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Yankees ace Masahiro Tanaka suffers first loss in 43 starts

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Updated: June 24, 2014 6:46AM

It was a victory that might have felt a little more personal to the Cubs. And a loss that might stick with Masahiro Tanaka a little longer.

When the Cubs beat the Yankees’ $155 million free-agent import Tuesday night for his first loss in 43 starts dating to 2012 in Japan, Cubs catcher John Baker said “We beat the [Floyd] Mayweather of baseball.”

The 6-1 knockout at Wrigley Field was clearly an emotional and satisfying victory for a team that lost the Tanaka bidding war over the winter only to get throttled by the right-hander in their first meeting last month at Yankee Stadium.

But this was not a symbol of right over might or fiscal wisdom over crazy Yankee spending, however worthy that discussion is in other contexts.

The fact the Cubs didn’t land Tanaka even after shoving all their available payroll chips into the pile for a six-year, $120 million bid still is likely to delay the rebuilding process, still will play at least a peripheral role in Jeff Samardzija’s eventual off-loading for prospects in July and still says more about ownership’s unwillingness or inability to compete with baseball’s big boys than the front office’s.

In fact, all it took was a look at Tanaka’s opposing starter Tuesday — the Cubs’ so-called Plan B free agent, Jason Hammel — to be reminded where the Cubs are in their long-term process and in the landscape of big-market teams.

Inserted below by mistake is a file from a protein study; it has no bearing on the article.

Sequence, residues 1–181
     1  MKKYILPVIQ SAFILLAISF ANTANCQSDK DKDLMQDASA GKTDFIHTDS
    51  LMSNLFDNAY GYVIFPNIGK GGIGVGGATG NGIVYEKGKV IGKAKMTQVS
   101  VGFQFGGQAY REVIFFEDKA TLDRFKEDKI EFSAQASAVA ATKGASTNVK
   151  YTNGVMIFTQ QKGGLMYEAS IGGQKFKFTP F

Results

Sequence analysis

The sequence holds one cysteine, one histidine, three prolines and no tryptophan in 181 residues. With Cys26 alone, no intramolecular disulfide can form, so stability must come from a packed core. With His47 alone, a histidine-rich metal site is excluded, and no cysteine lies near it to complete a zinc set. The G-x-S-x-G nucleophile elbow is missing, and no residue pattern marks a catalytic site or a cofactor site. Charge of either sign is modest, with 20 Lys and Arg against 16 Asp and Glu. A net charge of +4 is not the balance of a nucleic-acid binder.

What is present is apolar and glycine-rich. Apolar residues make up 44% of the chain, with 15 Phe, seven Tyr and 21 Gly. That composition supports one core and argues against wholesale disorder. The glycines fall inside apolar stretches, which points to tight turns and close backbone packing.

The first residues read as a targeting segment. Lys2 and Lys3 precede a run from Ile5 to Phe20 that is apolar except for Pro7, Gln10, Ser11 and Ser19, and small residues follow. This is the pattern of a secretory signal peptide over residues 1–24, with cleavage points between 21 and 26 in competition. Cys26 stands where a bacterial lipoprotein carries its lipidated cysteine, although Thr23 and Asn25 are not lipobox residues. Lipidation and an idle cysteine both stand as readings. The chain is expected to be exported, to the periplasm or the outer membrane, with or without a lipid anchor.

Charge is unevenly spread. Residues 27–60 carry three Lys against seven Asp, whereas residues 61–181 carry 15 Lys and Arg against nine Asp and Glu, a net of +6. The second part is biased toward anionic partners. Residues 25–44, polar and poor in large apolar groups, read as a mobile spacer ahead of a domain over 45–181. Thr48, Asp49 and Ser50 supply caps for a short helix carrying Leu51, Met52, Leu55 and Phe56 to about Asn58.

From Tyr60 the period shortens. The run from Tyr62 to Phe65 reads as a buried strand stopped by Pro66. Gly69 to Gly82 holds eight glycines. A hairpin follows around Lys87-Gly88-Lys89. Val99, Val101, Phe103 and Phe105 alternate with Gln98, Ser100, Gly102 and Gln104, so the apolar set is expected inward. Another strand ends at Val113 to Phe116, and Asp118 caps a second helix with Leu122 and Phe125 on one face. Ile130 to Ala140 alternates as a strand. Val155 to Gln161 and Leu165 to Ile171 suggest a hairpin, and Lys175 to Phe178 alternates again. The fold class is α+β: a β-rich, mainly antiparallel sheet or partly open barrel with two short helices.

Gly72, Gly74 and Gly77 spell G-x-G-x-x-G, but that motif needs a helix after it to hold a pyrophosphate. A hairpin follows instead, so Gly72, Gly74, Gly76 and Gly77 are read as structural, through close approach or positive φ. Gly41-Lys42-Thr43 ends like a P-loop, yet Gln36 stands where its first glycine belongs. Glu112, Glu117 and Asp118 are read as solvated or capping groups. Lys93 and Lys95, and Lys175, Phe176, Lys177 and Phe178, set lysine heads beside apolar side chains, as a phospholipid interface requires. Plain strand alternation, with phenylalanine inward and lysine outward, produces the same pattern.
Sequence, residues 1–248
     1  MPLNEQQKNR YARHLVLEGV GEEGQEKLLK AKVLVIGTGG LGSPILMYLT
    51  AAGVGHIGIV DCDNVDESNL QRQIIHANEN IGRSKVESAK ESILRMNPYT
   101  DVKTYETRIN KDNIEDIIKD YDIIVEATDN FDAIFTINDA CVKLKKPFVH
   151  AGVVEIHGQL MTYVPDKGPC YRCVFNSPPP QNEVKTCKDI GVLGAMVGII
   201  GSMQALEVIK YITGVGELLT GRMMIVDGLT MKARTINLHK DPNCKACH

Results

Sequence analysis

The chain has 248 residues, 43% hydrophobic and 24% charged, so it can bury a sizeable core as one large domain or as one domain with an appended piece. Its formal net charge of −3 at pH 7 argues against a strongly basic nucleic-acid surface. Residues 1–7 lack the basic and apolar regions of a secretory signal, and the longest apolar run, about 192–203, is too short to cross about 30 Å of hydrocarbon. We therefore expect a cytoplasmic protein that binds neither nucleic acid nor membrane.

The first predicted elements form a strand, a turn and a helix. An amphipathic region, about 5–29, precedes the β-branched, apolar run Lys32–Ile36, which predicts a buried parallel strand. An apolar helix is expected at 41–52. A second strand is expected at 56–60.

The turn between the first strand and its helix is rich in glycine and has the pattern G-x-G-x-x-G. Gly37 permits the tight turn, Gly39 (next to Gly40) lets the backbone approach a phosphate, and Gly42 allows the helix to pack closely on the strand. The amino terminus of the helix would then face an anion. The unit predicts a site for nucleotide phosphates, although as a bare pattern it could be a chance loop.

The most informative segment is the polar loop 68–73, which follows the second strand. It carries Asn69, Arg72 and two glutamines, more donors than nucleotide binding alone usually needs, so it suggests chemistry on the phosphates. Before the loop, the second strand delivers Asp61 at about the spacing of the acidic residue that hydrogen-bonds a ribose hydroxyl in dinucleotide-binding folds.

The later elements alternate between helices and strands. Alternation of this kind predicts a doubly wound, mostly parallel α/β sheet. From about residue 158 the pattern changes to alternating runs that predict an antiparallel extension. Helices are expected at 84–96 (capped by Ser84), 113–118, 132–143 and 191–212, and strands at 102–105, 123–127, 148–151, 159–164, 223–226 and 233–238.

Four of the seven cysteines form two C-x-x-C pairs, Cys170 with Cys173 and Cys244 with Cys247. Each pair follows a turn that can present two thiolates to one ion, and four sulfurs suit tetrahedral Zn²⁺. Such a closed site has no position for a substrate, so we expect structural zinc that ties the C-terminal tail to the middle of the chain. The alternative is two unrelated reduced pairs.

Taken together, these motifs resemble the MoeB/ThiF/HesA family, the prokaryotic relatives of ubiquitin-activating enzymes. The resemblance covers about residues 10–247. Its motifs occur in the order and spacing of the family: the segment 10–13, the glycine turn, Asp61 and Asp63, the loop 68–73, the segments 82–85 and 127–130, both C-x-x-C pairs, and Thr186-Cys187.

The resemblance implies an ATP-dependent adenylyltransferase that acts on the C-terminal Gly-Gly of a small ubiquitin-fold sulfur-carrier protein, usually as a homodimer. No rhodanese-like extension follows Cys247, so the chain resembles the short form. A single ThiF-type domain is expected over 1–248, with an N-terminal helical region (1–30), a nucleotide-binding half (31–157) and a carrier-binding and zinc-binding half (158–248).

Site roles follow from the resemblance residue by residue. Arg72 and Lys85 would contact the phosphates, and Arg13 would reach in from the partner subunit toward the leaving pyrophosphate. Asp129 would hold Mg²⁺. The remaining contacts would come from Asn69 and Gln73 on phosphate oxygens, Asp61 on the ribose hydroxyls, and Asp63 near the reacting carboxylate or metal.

“I think it goes to show sometimes you don’t have to go out and spend all the money to get that superstar player,’’ Baker said. ‘‘Sometimes that guy is just kind of lying in wait. I feel like that was him.”

It might be if Hammel were part of the Cubs’ long-term plans. But he got a one-year, $6 million deal for a reason. He wanted to rebuild his value, while the Cubs wanted to get a return on that value before the trade deadline in July.

“I could care less,” said Hammel, responding to a New York media question about his short-time status, one he has addressed with local media since his first day of spring training.

But on a night the Cubs said they were able to take advantage of more mistakes from Tanaka, Hammel showcased exactly the kind of value the Cubs are seeking.

Despite taking a hard bouncer off the back of his pitching hand from the first batter he faced — and throwing his first subsequent warmup pitch to the backstop — Hammel pitched through some swelling and discomfort to shut down the Yankees on four hits and a walk in 5 2/3 innings.

“It could have been a real short night for me, but I was able to get through it,” said Hammel, who improved to 3-1 with a 2.55 ERA in his last six starts against the Yankees, dating to 2012.

Assuming he has no serious ramifications from the hand going forward, expect Hammel (5-2) on the Scott Feldman/Paul Maholm train to the trading block.

Not that he wanted to talk about it on a night the Cubs won their third straight game.

“I’m wearing blue pinstripes right now and I’m excited to be here,” Hammel said. “I don’t think about that stuff. I’ve been around long enough to know it’s part of the game. I want to be here. I want to pitch here. I want to win here. And for right now that’s all that matters to me.”


Twitter: @GDubCub

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